Like so many of us sci-fi-ers, I grew up on science fiction television. I remember watching Star Trek Next Generation in a high chair, and later I watched Babylon 5 and Voyager. I feared the space under the bed because my brother told me it contained a black hole. I drew aliens, made up planets, and wrote in codes. Once a friend cut the bridge of my nose with a hardcover book during horseplay, and I was delighted to declare myself Bajoran.
In 5th grade, we had the city project; we had to invent a city, describe its economy, design a model of it, and write a small essay. It was my catalyst. I created a city called Vironevaeh, set on a distant planet, colonized by humans from Earth in the distant future. My languages, my maps, my characters, my aliens now had a focal point.
That was 19 years ago. Once a year, I like to look back and celebrate all the fun I’ve had since. Dreaming about world building made me look at our own world in odd ways.
For now, Vironevaeh is just my little place. Maybe someday it will be something different, but more than anything, I love the journey.
Trips down memory lane
Below are a pair of landscapes, one from years ago and one from last year. My longing to depict Vironevaeh forced me to draw for a purpose. The pencil drawings was one of my first landscapes ever. The poster was an homage, and and another experiment in new territory: art nouveau and posters.
Maps are a simple staple of scifi and fantasy, but drawing maps made me ask a lot of questions. What kinds of geology could happen on a planet that could still sustain humanoid life? Or non-humanoid? Where should lakes, mountains, deserts, and oceans be in a realistic environment? What kinds of names would places have? What names would be linguistically compatible? What kind of linguistic range could I expect on a planet–how much would it vary in a place with a global culture versus one with regional cultures? What kind of stories would I tell about the people on such planets based on the map, and for the people whose stories I had already imagined, what kinds of maps would that require? Maps seem dry and factual on the surface, but I found myself asking a million such second-level questions. I love maps.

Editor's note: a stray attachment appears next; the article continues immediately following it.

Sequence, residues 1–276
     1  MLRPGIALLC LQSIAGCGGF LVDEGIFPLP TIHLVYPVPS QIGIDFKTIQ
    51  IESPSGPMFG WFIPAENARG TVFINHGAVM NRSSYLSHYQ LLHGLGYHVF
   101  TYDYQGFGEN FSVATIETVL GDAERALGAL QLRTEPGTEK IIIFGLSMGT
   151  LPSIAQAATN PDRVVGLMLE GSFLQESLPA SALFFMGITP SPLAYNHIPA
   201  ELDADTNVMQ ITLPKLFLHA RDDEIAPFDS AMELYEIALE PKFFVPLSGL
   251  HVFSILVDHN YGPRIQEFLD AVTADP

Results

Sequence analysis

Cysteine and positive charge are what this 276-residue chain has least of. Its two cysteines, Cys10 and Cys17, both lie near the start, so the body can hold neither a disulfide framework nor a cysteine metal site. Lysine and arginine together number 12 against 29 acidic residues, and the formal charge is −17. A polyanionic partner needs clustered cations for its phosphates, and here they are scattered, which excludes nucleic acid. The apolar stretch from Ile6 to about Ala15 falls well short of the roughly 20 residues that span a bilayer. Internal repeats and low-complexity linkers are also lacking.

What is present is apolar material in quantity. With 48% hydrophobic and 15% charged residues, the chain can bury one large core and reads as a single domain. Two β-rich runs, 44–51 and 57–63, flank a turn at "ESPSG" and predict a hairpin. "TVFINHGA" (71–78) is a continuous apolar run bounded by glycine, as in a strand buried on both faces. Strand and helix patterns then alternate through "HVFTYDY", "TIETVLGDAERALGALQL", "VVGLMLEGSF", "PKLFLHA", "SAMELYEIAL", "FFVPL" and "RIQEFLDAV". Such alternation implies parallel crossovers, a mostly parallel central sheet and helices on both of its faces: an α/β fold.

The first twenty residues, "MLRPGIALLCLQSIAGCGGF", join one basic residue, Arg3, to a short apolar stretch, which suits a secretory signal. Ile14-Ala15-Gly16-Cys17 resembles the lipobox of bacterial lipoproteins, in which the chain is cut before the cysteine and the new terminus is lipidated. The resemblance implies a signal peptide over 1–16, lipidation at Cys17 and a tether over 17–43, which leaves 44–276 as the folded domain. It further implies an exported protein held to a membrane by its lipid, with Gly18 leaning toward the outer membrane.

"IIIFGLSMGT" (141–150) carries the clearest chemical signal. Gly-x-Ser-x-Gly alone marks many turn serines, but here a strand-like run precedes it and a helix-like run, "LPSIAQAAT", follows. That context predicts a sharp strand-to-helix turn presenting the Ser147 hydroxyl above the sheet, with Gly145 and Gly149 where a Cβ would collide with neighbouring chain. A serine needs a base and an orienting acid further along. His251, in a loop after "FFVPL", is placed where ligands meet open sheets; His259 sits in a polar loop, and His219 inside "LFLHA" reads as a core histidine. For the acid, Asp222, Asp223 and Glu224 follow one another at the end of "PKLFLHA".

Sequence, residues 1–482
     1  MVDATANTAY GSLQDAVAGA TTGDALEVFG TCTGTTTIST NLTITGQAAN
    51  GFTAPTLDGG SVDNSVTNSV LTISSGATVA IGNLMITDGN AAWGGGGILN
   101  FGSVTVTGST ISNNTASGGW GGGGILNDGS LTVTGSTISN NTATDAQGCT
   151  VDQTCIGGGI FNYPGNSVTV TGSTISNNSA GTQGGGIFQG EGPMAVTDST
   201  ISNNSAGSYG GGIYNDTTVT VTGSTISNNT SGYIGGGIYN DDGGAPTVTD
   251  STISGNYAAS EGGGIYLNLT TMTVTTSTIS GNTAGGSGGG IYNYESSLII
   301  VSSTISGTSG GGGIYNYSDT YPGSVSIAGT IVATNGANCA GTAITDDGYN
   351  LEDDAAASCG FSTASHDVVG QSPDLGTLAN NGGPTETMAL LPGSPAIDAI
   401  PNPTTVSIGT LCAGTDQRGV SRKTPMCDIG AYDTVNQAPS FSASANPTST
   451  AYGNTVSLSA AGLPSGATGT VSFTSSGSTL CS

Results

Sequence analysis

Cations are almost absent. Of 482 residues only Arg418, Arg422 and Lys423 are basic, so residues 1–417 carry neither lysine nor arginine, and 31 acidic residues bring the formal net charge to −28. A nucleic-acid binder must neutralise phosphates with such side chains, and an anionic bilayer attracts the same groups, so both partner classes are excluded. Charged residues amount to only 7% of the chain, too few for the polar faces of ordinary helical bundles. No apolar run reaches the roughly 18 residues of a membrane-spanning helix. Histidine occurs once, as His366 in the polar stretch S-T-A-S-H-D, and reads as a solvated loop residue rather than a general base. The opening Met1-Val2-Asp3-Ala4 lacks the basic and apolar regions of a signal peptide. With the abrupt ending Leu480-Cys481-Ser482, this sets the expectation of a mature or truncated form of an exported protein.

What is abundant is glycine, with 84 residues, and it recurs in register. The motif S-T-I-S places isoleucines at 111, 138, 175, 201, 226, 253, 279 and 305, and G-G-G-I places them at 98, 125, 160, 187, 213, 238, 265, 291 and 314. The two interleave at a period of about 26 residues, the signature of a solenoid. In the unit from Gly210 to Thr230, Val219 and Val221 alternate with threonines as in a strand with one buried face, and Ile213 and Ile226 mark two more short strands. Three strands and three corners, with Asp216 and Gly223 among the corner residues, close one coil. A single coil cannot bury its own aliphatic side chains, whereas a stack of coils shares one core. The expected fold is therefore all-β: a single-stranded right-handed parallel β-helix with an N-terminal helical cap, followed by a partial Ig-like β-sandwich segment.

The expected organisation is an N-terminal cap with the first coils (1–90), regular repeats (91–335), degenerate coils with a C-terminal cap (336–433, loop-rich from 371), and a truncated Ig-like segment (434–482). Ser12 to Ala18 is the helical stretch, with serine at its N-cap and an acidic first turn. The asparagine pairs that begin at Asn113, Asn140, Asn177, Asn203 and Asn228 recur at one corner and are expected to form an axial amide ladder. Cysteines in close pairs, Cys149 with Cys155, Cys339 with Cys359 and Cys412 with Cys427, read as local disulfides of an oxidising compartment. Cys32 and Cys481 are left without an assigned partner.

Vironevaeh filled me with stories, but I struggled to express them as I felt them. I have written my stories so many ways. Nowhere is that more rapidly evident than in my portraits. Below are four portraits of a character over six or so years. I had to learn to get the details right and be honest with myself where it wasn’t right. As ever, it’s a work in progress.
Places for the people
Maps and people weren’t the end, I wanted to know how the streets looked. That’s really hard! There’s architecture and materials, and then there’s imagining the landscape and how such things would fit in. I studied pictures of streets from around the world. I find this aspect the most challenging, but maybe also the most rewarding.
Stories of a new world
As I told stories about a new world, I wondered about their stories. And when I told them, I found that they fit everywhere. How many references to the garden of Gethsemane exist in western literature? A new place would have new Gethsemanes. Below are two images from mythology about a mouse, and new people finding that mouse in new constellations.
It’s never the end. Next year I’ll have new thoughts to share. Every year I am a new person, and Vironevaeh is a new place.
It’s good to hear the origin of Vironevaeh. I visited my first world in 2nd grade. It was subterranean and inhabited by knee-tall roundish people with wide fuzzy red heads. I only went there once. Making yourself every year and reworking Vironevaeh is a great way to look at life. With new world insights and new cells (about half of them being replaced every year), you are probably being more realistic than people who nothing ever changes. World/universe building can also give one a bit of a ‘god complex.’
Oh the god complex. Of course I had an alter-ego on my world, and at one point in the timeline, she was the queen. So yes, god complex. The nice thing about a fictional world is that it really *can* rotate all around you. Then that seemed embarrassing at some point, so she got overthrown for incompetence.
I think when you work on something for a long time, it should change and evolve. Something scrutinized for ten years looks different than something scrutinized for two. An idea at age 14 should resonate differently at 28. I’ve really enjoyed that aspect of continuously playing in this space. Other fiction feels that way to me as well–I just reread a Canticle for Leibowitz, which I’ve loved since high school, but it was a whole new book again. I react to my own work in a new light and then get to develop that energy into something new.
As far as the writing from it, I don’t feel that it lends any large advantage (and does lend some obvious pitfalls). But what fun it is.